As the U.S. Senate voiced its approval of Hillary Clinton as secretary of state on Wednesday, some attention shifted back to the foreign policy agenda of President Barack Obama's fledgling administration. 

A day earlier, the scene at the Presidential Inauguration cannot fail to have impressed, and in some cases, distressed those watching proceedings from foreign ministries and presidential palaces around the world. An estimated one million Americans of all walks of national life, many with their children, many having taken one of their notoriously scarce vacation days and risking their infamously expensive-to-maintain health against the chill of a winter's day, gathered to witness the investiture of an American president like none other.

Domestically, the hopes and expectations riding on Obama's stewardship have had a three-month fermentation period. Even still, Chateau Obama, vintage January 2009, is bound to be a bit raw now that it's been uncorked. Even the most experienced of politicians, taking office at the best of economic and geopolitical times, finds the first months – even years – something of a struggle.

The professional government — the permanent bureaucracy which endures regardless of the resident of 1600 Pennsylvania Avenue – has had a busy three months. In Washington and across the United States, those not seeking direct employment from the new administration have spent a good deal of energy arguing that their particular cause — from family farms to inner city schools, medical research to climate change — is the fastest, greasiest skid down which to pour the billions of dollars in federal stimulus spending into the American economy. State governors, particularly among Democrats whose states plumped for Obama in November, have baked into their FY10 spending plans expected windfalls from the stimulus spending. Even the porn industry, in the form of Hustler magazine publisher Larry Flynt, is pleading its case.

Still, not everything costs money, and many of the expectations directed at Obama abroad hinge more on policy change rather than loose change from the U.S. Treasury. Here's a short tour of the horizon focusing on what other major international actors may be wishing or hoping for in the coming few months.

China: Stimulus is what China wants to see. While the very image of a minority elected to run the world's most powerful nation must bring discomfort to the ruling Communist Party, the economy is paramount in this relationship. China's ethnic Han minority runs the show in the world's most populous nation, and ethnic minorities often loom as problems (see: Tibet, Xinjaing) rather than assets.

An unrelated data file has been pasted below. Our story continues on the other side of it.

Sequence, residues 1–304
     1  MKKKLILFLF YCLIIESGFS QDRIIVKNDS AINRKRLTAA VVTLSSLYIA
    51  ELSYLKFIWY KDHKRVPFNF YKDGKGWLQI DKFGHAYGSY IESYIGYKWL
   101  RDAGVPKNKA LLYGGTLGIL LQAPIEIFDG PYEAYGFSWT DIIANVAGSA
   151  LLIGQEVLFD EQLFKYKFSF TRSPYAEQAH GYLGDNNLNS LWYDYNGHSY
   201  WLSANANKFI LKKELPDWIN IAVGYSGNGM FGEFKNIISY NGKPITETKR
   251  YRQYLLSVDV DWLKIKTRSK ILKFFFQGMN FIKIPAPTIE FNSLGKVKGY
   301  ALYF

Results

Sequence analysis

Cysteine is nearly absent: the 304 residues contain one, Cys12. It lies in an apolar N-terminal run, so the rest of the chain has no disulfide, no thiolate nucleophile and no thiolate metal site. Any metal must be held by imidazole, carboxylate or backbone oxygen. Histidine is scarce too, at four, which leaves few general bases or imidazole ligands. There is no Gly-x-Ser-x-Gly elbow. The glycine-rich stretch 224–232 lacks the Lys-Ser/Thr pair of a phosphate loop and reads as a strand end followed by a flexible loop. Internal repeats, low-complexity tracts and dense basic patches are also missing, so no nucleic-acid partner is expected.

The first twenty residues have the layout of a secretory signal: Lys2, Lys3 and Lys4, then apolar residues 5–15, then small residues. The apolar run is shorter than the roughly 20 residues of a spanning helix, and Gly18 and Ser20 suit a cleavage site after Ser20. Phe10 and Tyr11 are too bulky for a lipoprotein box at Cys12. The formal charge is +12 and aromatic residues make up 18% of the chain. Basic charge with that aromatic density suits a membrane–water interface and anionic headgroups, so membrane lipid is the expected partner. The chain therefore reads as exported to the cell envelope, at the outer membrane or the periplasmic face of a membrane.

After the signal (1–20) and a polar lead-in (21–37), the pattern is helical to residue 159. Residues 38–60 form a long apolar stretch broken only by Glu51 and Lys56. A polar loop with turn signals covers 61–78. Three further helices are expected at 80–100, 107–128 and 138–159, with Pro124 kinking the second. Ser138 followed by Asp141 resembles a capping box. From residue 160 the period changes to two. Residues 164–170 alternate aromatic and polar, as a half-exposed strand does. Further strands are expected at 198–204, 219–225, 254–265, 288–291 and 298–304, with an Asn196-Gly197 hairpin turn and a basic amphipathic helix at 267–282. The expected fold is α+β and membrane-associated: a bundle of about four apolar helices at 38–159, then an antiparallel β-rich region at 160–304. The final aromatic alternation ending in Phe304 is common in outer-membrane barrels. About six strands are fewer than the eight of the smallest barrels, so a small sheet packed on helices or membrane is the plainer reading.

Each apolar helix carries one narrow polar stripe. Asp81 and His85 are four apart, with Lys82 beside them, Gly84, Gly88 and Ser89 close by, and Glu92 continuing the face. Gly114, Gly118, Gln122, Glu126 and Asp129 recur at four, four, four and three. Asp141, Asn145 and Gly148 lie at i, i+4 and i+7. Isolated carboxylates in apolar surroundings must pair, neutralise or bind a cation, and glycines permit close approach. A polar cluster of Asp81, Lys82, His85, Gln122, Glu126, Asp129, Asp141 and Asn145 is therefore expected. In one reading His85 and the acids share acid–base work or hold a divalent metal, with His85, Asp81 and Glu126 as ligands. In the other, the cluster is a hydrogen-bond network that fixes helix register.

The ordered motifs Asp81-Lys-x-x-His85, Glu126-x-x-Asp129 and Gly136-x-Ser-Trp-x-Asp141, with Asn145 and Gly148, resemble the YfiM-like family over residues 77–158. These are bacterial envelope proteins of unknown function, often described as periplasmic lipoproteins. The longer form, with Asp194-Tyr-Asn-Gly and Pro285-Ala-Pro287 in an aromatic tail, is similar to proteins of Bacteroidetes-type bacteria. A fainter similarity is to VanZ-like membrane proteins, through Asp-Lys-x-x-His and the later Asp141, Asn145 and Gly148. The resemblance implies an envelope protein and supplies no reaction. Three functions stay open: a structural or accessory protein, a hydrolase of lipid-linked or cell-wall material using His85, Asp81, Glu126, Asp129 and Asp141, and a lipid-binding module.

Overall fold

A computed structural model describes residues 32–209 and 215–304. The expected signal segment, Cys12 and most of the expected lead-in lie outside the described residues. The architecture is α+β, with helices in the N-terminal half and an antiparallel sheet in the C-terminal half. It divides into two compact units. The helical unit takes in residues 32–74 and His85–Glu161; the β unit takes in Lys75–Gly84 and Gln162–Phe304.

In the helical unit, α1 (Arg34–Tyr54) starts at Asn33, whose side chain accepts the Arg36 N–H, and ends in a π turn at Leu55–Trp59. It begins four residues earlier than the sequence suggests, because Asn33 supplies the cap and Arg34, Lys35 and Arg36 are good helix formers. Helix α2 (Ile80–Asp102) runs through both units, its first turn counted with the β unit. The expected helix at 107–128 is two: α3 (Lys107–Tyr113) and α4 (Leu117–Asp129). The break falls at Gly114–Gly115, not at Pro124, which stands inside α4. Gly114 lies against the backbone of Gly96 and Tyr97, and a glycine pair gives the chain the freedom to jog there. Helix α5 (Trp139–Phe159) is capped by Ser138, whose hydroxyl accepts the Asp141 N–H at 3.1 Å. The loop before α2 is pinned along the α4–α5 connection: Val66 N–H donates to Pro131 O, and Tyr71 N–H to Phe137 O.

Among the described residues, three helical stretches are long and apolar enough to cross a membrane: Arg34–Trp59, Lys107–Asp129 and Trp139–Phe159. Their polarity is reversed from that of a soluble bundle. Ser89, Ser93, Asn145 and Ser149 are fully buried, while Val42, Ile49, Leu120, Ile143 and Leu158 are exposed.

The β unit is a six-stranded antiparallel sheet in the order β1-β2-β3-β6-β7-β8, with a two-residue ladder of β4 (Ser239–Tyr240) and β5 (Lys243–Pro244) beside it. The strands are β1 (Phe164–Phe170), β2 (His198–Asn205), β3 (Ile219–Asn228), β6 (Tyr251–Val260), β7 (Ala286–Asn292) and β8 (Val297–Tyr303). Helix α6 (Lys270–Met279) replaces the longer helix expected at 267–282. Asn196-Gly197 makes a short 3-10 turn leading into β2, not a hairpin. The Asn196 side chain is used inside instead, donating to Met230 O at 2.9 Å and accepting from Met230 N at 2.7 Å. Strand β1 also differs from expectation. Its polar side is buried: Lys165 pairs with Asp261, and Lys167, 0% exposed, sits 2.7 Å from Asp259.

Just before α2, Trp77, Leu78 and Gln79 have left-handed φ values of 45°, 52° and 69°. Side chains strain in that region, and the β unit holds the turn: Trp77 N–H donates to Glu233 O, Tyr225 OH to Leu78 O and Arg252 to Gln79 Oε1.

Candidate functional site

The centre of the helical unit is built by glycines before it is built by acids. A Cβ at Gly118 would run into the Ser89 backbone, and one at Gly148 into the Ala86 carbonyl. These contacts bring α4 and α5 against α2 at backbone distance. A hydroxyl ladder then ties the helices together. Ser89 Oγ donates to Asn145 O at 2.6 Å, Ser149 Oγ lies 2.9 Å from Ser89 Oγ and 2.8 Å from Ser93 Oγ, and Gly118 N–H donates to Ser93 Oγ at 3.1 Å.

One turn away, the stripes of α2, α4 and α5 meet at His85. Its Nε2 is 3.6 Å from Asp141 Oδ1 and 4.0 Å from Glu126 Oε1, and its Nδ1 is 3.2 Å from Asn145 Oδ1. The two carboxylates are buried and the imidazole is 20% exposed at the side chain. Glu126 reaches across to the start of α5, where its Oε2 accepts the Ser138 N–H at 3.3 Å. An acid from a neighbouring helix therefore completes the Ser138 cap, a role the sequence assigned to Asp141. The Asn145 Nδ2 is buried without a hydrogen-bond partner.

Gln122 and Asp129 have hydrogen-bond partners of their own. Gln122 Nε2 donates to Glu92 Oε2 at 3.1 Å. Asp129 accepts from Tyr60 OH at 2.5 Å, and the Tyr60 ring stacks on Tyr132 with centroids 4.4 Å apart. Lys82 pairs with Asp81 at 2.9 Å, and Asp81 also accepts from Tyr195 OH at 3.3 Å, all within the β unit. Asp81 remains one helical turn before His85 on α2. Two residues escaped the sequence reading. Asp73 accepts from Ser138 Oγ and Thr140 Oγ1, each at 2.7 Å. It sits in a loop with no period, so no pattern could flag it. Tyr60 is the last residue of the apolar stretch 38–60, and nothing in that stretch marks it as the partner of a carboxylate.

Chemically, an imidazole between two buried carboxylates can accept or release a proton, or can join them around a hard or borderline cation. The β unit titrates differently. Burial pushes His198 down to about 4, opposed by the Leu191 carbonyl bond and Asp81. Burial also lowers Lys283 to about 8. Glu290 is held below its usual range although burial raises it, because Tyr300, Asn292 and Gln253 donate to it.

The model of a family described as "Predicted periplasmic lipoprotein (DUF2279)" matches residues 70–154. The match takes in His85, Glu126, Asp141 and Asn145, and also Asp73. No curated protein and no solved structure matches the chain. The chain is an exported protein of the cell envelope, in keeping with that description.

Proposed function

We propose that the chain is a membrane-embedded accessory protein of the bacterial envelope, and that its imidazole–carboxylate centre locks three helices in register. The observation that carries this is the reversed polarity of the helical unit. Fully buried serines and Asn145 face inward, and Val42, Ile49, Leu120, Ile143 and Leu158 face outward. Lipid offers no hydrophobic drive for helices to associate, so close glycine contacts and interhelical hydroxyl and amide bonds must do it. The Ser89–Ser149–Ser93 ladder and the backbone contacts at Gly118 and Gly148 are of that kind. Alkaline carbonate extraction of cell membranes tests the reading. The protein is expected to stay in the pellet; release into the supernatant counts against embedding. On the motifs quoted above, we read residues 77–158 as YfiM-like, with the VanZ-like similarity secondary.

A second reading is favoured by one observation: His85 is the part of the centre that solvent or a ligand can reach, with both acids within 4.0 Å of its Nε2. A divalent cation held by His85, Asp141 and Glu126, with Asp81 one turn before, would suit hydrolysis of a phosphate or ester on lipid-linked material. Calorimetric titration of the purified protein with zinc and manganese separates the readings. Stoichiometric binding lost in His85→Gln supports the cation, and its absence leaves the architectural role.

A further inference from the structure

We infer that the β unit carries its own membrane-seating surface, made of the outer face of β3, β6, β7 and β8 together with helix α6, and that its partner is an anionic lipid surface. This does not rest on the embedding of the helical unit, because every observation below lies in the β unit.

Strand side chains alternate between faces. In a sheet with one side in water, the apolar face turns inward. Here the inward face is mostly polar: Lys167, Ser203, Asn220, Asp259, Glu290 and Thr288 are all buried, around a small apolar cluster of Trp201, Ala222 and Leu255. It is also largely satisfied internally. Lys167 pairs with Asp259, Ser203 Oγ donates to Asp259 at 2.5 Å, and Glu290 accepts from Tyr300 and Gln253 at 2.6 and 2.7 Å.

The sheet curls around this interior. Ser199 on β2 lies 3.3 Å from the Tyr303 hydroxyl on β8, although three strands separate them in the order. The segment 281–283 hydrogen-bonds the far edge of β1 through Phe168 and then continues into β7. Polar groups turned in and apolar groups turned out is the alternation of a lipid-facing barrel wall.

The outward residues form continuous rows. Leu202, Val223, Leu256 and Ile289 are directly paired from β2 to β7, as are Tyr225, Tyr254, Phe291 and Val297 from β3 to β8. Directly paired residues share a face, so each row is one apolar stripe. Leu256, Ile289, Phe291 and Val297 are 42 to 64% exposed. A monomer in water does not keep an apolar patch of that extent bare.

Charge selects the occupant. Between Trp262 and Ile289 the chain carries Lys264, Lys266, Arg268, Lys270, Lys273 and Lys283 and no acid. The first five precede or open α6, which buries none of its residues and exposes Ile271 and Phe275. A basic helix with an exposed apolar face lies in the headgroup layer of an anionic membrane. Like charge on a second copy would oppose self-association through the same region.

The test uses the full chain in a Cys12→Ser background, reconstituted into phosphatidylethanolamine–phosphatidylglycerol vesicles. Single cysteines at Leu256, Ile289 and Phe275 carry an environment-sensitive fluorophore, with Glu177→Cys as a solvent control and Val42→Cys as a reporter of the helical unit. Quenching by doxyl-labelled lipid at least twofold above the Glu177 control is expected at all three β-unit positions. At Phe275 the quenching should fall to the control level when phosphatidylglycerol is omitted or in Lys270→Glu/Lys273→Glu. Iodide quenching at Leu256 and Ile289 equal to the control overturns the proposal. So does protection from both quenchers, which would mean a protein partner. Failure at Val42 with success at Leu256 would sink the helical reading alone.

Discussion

Nonetheless, China and America are in a moment of classic geopolitical codependence; China's output needs American buyers, and American buyers need China to continue investing its profits in U.S. government bonds and other assets to finance the yawning deficits Washington has built up since the 1980s. China, then, expects stimulus — and lots of it. Obama appears ready to deliver.

Europe: The European Union, in nearly as dire economic straits as the U.S., would like to see a host of small changes in American policy. Fearful of being left out of the post-crash reordering of international financial institutions — where Europe stands to loose even more clout at places like the IMF than Washington — the EU wants pride of place at upcoming "Bretton Woods" style conferences, the next of which is slated for April.

Politically, Europe would like to see the United States get out of Iraq, an uncomfortable issue for the trans-Atlantic relationship, and wind down the commitment to Afghanistan, where NATO has proven unable to sustain a serious military expedition and Europe sees a military solution as being out of reach anyway.

Two further issues beckon: Europe hopes the Obama team will be more sympathetic to the plight of the Palestinians, and has hinted for several years now at the need to open some dialogue with Hamas if a solution is ever to be had there. And the Bush administration's plans to build a defensive missile shield based in Poland (with radars in the Czech Republic) irritates Russia, source of much of southern Europe's natural gas supplies. Though Washington has said the purpose of the shield is to protect Europe (including U.S. troops based there) from, say, an Iranian missile threat, European leaders generally see no EU dog in that fight, and would prefer the idea be dropped.

Iran: The consensus among American foreign policy analysts these days is that many of the problems of the "Greater Middle East," as opposed to simply the Arab-Israeli Middle East, can only be solved by speaking to Iran. Its nuclear weapons program, and its implications for Israel, will remain paramount. Obama repeatedly has promised to explore the idea of talks, and in his inaugural, without mentioning Iran by name, he said "we will extend a hand if you are willing to unclench your fist." This may or may not work, but most think it wise to try given the alternatives.